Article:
“The system of ‘traditional values’ is a way to find an enemy. ‘Traditionalism versus liberalism’ helps us to fight liberals,” he told me. Although the traditional-values agenda is sometimes framed in terms of positive goals, such as putting a premium on families and childbearing, Chapnin argues it’s more often a negative project that consists of fighting LGBT activists, same-sex marriage activists, and pro-choice activists. And far from being a sincere expression of cherished beliefs, the values agenda is primarily a tool to bolster the “anti-Western political rhetoric of the government,” he said.
Interestingly, even as 85 percent of Russians want their country to counterbalance the West, 55 percent agree that their country should work with the U.S. and other Western powers. They don’t see this as a zero-sum game. In 2016, for instance, Lavrov called for long-term cooperation and a “partnership of civilizations” to combat contemporary geopolitical threats like the Islamic State.
In fact, majorities in most countries surveyed—including the Orthodox ones that want Russia to serve as a bulwark—also say they believe it’s in their nation’s interest to maintain strong working relationships with the West.
“They understand that they live in a part of the globe where Russia is an excellent ally, and that you basically need to have an ally,” Pheiffer Noble said. Especially for small countries like Moldova and Armenia, this makes sense not only geopolitically, but also economically. “You can’t ship tomatoes or watermelons to America. Ideology is one thing, but unloading a few tons of watermelons is another thing. And where can you do that? Russia is an enormous market.”
But, she added, these countries also understand that “in the global economy, you have to get plugged into the EU.” For young people in particular, this is about mobility; many want to be able to study or work in Western Europe and America.
The study notes that in Catholic-majority and religiously heterogeneous countries, a considerably smaller share of the public agrees that a strong Russia is needed to counter the West—only 42 percent, as opposed to the 66 percent in Orthodox countries. And in Catholic nations, people are more likely to say it’s in their country’s best interest to work with the United States than to say that the U.S. should be countered—as Sahgal put it, “Catholics look West.” It’s a logical choice: Structurally, the Catholic religion is oriented toward the papacy in Rome, and pragmatically, its adherents may feel they can gain more capital (both financial and social) by being perceived as Western.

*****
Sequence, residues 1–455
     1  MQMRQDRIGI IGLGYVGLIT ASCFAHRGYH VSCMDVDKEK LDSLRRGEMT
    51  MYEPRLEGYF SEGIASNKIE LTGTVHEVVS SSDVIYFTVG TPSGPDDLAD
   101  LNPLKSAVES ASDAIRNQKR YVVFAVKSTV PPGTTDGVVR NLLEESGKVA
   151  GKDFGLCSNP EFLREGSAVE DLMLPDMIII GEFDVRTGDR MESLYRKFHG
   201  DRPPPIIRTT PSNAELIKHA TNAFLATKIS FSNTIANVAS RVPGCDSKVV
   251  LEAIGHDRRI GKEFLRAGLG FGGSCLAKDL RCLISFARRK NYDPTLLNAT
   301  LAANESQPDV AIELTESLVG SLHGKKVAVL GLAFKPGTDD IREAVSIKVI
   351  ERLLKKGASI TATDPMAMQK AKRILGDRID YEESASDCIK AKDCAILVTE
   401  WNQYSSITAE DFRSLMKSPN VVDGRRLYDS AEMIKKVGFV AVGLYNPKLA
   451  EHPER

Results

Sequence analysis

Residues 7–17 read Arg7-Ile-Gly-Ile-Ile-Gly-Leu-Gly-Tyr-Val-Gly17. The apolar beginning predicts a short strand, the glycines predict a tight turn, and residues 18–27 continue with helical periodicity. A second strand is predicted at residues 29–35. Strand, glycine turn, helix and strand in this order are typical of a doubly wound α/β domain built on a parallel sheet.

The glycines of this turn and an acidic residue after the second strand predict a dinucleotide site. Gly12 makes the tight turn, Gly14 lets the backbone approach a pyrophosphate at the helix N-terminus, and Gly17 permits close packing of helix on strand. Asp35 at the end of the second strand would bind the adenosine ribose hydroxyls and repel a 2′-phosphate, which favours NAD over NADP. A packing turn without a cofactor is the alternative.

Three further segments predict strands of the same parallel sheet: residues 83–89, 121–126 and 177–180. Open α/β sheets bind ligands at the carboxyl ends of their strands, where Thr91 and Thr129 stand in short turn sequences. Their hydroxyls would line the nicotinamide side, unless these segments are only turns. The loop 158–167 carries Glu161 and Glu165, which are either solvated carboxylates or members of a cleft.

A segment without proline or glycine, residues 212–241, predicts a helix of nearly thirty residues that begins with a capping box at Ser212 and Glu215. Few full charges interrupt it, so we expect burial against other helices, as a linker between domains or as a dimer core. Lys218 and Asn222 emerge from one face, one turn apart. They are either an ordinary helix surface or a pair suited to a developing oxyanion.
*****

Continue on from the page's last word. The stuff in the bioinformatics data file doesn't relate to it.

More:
How would the survey results differ if Pew ran its study today, with Trump as president? “The majority of Russians would say that the West is the enemy,” Chapnin said. “The attitude is still more or less the same.” Pheiffer Noble, for her part, said it’s possible that people would express “much less of an anxiety” about American influence. “Yes, those who are waiting for visas for travel to America are incredibly anxious about Trump. But for people who don’t interact with America in their daily lives, Trump just seems like some strange cherry on the top of a sundae that we ourselves ordered,” she said.
And as for how Russians view their own country’s alleged undue influence on America? “Trump talked so much about Putin on the campaign trail that Russians assume he was blustering and actually had no connection with the Russians,” she said. “If anything, they think Trump’s relationship to Russia is more fabricated than we may find out it is, once we have a new FBI director.”